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Facebook’s Mark Zuckerberg agrees to closed-door talks with MEPs

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Facebook chief Mark Zuckerberg has agreed to meet European Parliament members behind closed-doors to answer questions in the wake of the Cambridge Analytica scandal, a top official said on Wednesday.

Senior lawmakers have “agreed that Mark Zuckerberg should come to clarify issues related to the use of personal data in a meeting with representatives of the European Parliament,” the parliament’s leader Antonio Tajani said in a statement.

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The meeting would take place “as soon as possible, hopefully already next week,” Tajani said.

The closed-door meeting with the parliament’s most senior deputies will anger European lawmakers who were hoping to give Zuckerberg a grilling similar to his 10-hour interrogation in US Congress last month.

“I will not attend the meeting with Mr Zuckerberg if it’s held behind closed doors. It must be a public hearing – why not a Facebook Live?” influential Belgian MEP Guy Verhofstadt wrote on Twitter.

Zuckerberg is also confirmed to visit French President Emmanuel Macron in Paris on May 23, along with other tech leaders, according to the French presidency.

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Tajani had invited Zuckerberg, saying the 2.7 million EU citizens affected by the data sharing scandal deserved a full explanation.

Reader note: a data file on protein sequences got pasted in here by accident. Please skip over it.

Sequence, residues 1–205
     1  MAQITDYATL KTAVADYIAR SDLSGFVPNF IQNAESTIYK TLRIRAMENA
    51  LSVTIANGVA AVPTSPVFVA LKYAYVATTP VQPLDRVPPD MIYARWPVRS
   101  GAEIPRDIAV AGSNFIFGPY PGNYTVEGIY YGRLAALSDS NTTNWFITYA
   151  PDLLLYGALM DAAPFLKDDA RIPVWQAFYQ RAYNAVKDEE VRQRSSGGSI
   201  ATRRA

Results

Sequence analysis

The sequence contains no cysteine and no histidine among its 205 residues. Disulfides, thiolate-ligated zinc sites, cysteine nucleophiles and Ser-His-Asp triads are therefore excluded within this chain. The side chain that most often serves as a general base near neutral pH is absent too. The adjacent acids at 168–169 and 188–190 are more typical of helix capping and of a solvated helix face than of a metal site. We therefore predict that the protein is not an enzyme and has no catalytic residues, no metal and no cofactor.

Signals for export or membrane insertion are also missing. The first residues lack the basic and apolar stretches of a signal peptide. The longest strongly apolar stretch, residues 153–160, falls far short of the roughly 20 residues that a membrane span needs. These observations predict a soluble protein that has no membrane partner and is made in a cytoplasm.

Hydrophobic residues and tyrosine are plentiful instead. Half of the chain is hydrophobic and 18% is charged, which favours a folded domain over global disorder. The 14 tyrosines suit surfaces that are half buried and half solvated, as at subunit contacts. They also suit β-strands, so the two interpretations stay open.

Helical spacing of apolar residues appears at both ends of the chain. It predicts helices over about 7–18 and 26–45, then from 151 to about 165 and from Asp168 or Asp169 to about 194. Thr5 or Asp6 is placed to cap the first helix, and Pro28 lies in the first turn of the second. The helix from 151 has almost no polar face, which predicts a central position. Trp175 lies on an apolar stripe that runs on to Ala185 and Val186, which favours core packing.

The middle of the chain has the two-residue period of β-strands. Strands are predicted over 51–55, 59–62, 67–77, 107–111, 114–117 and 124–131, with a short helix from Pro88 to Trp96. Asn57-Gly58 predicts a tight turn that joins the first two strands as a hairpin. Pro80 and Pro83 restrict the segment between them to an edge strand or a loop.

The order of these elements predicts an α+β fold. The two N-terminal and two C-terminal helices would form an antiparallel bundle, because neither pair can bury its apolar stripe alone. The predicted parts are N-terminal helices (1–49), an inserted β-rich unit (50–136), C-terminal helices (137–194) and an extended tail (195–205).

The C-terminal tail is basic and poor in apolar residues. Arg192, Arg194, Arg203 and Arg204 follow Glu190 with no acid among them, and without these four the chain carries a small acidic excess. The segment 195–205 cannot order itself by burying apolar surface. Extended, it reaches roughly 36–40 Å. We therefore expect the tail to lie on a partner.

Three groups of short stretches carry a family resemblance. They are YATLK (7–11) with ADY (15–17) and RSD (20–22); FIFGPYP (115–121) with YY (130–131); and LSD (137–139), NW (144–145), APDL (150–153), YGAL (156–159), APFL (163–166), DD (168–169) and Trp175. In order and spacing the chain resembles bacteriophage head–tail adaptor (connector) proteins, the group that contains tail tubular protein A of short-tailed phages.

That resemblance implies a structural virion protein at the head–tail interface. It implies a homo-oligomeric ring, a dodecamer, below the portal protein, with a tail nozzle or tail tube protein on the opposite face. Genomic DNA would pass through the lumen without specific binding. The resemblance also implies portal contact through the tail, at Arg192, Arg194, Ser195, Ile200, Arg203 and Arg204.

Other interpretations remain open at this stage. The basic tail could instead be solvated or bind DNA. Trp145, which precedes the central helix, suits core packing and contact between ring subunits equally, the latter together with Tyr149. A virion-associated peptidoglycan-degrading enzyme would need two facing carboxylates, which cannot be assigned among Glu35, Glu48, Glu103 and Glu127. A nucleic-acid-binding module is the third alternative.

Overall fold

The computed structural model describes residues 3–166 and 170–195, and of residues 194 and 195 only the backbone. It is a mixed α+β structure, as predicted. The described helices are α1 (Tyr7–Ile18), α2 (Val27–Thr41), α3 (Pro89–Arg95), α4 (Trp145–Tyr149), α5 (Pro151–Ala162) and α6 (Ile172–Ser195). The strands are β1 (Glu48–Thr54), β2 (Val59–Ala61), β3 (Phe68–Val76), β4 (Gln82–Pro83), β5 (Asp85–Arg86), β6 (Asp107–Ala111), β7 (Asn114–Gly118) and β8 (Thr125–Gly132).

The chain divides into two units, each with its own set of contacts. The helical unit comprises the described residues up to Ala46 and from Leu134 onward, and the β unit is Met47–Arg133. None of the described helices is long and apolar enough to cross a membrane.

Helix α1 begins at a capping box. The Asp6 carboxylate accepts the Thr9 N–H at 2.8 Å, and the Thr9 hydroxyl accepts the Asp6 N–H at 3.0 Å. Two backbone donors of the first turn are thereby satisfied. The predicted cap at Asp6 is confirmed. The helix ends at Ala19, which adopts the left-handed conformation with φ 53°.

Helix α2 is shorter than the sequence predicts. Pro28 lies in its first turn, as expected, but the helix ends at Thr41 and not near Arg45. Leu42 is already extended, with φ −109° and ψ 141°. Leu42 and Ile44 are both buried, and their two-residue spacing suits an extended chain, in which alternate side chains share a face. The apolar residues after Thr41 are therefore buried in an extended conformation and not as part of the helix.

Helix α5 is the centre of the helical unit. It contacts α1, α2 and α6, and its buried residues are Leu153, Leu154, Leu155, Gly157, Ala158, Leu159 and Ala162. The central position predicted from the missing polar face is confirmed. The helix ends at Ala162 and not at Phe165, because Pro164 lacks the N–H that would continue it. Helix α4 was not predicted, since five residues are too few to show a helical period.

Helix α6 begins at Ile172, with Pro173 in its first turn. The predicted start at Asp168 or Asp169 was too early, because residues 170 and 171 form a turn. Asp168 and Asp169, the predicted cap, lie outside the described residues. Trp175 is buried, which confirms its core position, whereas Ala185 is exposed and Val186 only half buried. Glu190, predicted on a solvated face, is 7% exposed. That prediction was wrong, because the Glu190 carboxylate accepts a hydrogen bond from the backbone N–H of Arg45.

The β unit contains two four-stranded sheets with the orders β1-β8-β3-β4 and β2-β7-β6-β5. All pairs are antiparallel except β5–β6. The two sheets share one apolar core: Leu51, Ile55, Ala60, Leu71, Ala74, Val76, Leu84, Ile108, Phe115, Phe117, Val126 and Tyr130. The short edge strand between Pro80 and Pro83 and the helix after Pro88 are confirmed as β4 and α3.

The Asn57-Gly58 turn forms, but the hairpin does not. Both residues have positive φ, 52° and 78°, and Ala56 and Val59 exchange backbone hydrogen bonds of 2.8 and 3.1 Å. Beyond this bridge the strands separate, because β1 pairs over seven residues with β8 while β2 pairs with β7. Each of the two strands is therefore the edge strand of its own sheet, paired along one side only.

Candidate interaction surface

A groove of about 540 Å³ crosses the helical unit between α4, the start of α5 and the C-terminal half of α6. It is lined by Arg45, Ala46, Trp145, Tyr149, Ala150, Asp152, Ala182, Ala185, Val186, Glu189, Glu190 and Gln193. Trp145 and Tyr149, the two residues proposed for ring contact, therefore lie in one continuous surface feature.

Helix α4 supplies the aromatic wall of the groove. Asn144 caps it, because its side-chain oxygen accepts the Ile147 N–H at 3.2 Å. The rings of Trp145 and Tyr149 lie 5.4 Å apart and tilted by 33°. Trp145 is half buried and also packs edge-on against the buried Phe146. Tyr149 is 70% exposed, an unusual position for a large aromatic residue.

In a statement Facebook said it welcomed the chance to meet MEPs and “appreciate the opportunity for dialogue, to listen to their views and show the steps we are taking to better protect people’s privacy”.

The visit comes as the EU is introducing tough new data protection rules later this month, which Facebook has said it will comply with.

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Facebook admitted earlier this month that up to 87 million users may have had their data hijacked by British consultancy Cambridge Analytica, which worked for US President Donald Trump during his 2016 campaign.

The EU’s General Data Protection Regulation (GDPR), which comes into effect on May 25, aims to give users more control over how their personal information is stored and used online, with big fines for firms that break the rules.

Zuckerberg, who has repeatedly apologised for the massive data breach, told the US Congress in April that the more stringent EU rules could serve as a rough model globally.

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“Facebook users deserve a proper answer to what has happened to their data. We will continue to defend their rights,” said MEP Manfred Weber of Germany, one of the parliament group leaders that will meet Zuckerberg.

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… then let us make a small request. Like you, we here at Raw Story believe in the power of progressive journalism — and we’re investing in investigative reporting as other publications give it the ax. Raw Story readers power David Cay Johnston’s DCReport, which we've expanded to keep watch in Washington. We’ve exposed billionaire tax evasion and uncovered White House efforts to poison our water. We’ve revealed financial scams that prey on veterans, and efforts to harm workers exploited by abusive bosses. We’ve launched a weekly podcast, “We’ve Got Issues,” focused on issues, not tweets. Unlike other news sites, we’ve decided to make our original content free. But we need your support to do what we do.